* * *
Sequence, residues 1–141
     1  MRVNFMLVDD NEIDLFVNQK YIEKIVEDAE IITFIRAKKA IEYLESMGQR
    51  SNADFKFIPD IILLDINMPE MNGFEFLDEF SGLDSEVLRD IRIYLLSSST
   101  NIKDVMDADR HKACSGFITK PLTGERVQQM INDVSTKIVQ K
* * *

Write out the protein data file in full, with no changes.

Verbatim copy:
Sequence, residues 1–141
     1  MRVNFMLVDD NEIDLFVNQK YIEKIVEDAE IITFIRAKKA IEYLESMGQR
    51  SNADFKFIPD IILLDINMPE MNGFEFLDEF SGLDSEVLRD IRIYLLSSST
   101  NIKDVMDADR HKACSGFITK PLTGERVQQM INDVSTKIVQ K